13 Mitral valve is incompetent and does not close properly (door won’t close) Mitral valve is incompetent and does not close properly (door won’t close) Result: abnormal leaking of blood from the LV, through the mitral valve, and into the left atrium Result: abnormal leaking of blood from the LV, through the mitral valve, and into the left atrium Causes: myxomatous degeneration, MI, dilated LV Causes: myxomatous degeneration, MI, dilated LV Sound: holosystolic (swoosh lasts throughout systole) radiates to axilla Sound: holosystolic (swoosh lasts throughout systole) radiates to axilla

14 Mitral and tricuspid valves – like a parachute

15 Systolic Murmurs Mitral Regurgitation (apex) Mitral Regurgitation (apex) Systolic murmurSystolic murmur Radiates to axillaRadiates to axilla S1 S2

16 Mitral valve prolapse displacement of an abnormally thickened mitral valve leaflet that gets displaced into the atrium in systole Mid-systolic click with late systolic murmur You can get mitral regurg if severe

17 Aortic Stenosis

18 Aortic stenosis The aortic valve narrows The aortic valve narrows Creates turbulent blood flow across the narrowed valve Creates turbulent blood flow across the narrowed valve Result- the heart has to work hard by creating pressure to get blood across the stenotic valve Result- the heart has to work hard by creating pressure to get blood across the stenotic valve Causes: congenitally bicuspid valve, wear and tear from age, Rheumatic fever Causes: congenitally bicuspid valve, wear and tear from age, Rheumatic fever Sound: crescendo-decrescendo murmur in systole, radiates to carotids Sound: crescendo-decrescendo murmur in systole, radiates to carotids

19 Physical Exam: Cardiac RUSB with diaphragm; radiates to carotids bilaterally RUSB with diaphragm; radiates to carotids bilaterally S1 S2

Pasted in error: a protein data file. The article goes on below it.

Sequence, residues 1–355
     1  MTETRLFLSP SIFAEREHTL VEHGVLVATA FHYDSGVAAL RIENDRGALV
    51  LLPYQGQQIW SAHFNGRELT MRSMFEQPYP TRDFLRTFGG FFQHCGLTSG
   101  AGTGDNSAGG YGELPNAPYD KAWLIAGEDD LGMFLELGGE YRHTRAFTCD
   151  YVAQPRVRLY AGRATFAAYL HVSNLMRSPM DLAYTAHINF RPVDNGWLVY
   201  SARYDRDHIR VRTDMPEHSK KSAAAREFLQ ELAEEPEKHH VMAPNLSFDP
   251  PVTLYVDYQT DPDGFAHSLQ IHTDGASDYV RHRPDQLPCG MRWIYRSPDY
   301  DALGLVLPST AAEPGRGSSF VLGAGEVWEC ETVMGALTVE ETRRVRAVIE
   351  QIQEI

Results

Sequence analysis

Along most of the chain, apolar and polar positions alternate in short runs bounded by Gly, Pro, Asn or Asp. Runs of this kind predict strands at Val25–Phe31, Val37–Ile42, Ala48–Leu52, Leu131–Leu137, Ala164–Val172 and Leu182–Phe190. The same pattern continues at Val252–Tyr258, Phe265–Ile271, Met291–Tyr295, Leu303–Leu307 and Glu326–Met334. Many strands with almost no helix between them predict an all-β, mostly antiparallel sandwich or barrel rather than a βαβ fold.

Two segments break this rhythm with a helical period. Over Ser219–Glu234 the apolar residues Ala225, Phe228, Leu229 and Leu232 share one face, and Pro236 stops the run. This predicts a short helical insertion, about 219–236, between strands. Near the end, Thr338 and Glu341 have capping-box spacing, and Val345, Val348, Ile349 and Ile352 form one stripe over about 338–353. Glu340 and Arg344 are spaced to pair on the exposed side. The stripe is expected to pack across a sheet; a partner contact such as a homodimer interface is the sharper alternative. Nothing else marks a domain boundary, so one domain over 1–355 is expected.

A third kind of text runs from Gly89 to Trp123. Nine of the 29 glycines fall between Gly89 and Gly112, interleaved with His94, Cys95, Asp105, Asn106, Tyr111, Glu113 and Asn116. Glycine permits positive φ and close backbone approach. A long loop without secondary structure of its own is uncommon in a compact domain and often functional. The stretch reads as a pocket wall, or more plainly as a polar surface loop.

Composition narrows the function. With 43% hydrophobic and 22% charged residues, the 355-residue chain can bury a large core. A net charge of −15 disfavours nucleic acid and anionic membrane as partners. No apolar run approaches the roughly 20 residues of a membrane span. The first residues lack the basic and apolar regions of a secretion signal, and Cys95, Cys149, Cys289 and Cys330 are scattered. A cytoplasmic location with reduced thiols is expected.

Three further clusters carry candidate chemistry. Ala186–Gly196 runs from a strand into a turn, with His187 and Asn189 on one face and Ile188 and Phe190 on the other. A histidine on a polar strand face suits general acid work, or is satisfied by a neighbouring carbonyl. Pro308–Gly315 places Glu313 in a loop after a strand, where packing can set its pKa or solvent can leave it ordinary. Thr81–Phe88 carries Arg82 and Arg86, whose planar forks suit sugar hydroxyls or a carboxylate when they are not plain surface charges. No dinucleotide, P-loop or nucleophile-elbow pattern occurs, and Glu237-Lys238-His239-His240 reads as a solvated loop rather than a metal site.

20 VSD

21 VSD Congenital – hole in septum Congenital – hole in septum Left heart pressures>right heart Left heart pressures>right heart So in systole, when heart contracts, the blood in the left goes across the “window” into the right side So in systole, when heart contracts, the blood in the left goes across the “window” into the right side Holosystolic murmur, just like mitral regurgitation Holosystolic murmur, just like mitral regurgitation Only difference is that it is usually over the sternal border Only difference is that it is usually over the sternal border

22 Systolic Systolic Ventricular Septal DefectVentricular Septal Defect Continuous Continuous Arteriovenous connections (PDA)Arteriovenous connections (PDA)

23 “Innocent murmur” AKA “physiologic murmur” AKA “physiologic murmur” Doesn’t radiate Doesn’t radiate Occurs NOT from a structural problem in the heart but from something outside the heart Occurs NOT from a structural problem in the heart but from something outside the heart Hyperthyroidism, anemia Hyperthyroidism, anemia

24 Systolic Murmurs Innocent murmurs Innocent murmurs Usually ‘diamond shaped’, brief, little radiationUsually ‘diamond shaped’, brief, little radiation Common in children and young adultsCommon in children and young adults ALWAYS: systolic, < III/VI intensity, other heart sounds and pulses are normalALWAYS: systolic, < III/VI intensity, other heart sounds and pulses are normal S1 S2

25 Diastolic murmurs= really bad Same “swoosh” but at a different time Same “swoosh” but at a different time You hear it right after S2 and before S1 You hear it right after S2 and before S1 Blood is having trouble leaving the atrium to the ventricle b/c door is partly shut (mitral stenosis) Blood is having trouble leaving the atrium to the ventricle b/c door is partly shut (mitral stenosis) Ventricular outflow tract can not stay shut (aortic regurg) Ventricular outflow tract can not stay shut (aortic regurg)

26 Aortic Regurgitation

27 Aortic regurg Aortic valve can not close fully Aortic valve can not close fully Some blood that should go forward to the body now comes back into the heart Some blood that should go forward to the body now comes back into the heart Causes:congenitally bicuspid valve Causes:congenitally bicuspid valve You hear the turbulence in diastole after aortic valve should have fully closed (after S2) You hear the turbulence in diastole after aortic valve should have fully closed (after S2)

28

29 Diastolic Murmurs Aortic Regurgitation (Upper sternal) Aortic Regurgitation (Upper sternal) radiates inferiorlyradiates inferiorly best heard with patient sitting up and leaning forward (in expiration)best heard with patient sitting up and leaning forward (in expiration) S1 S2

30 Mitral stenosis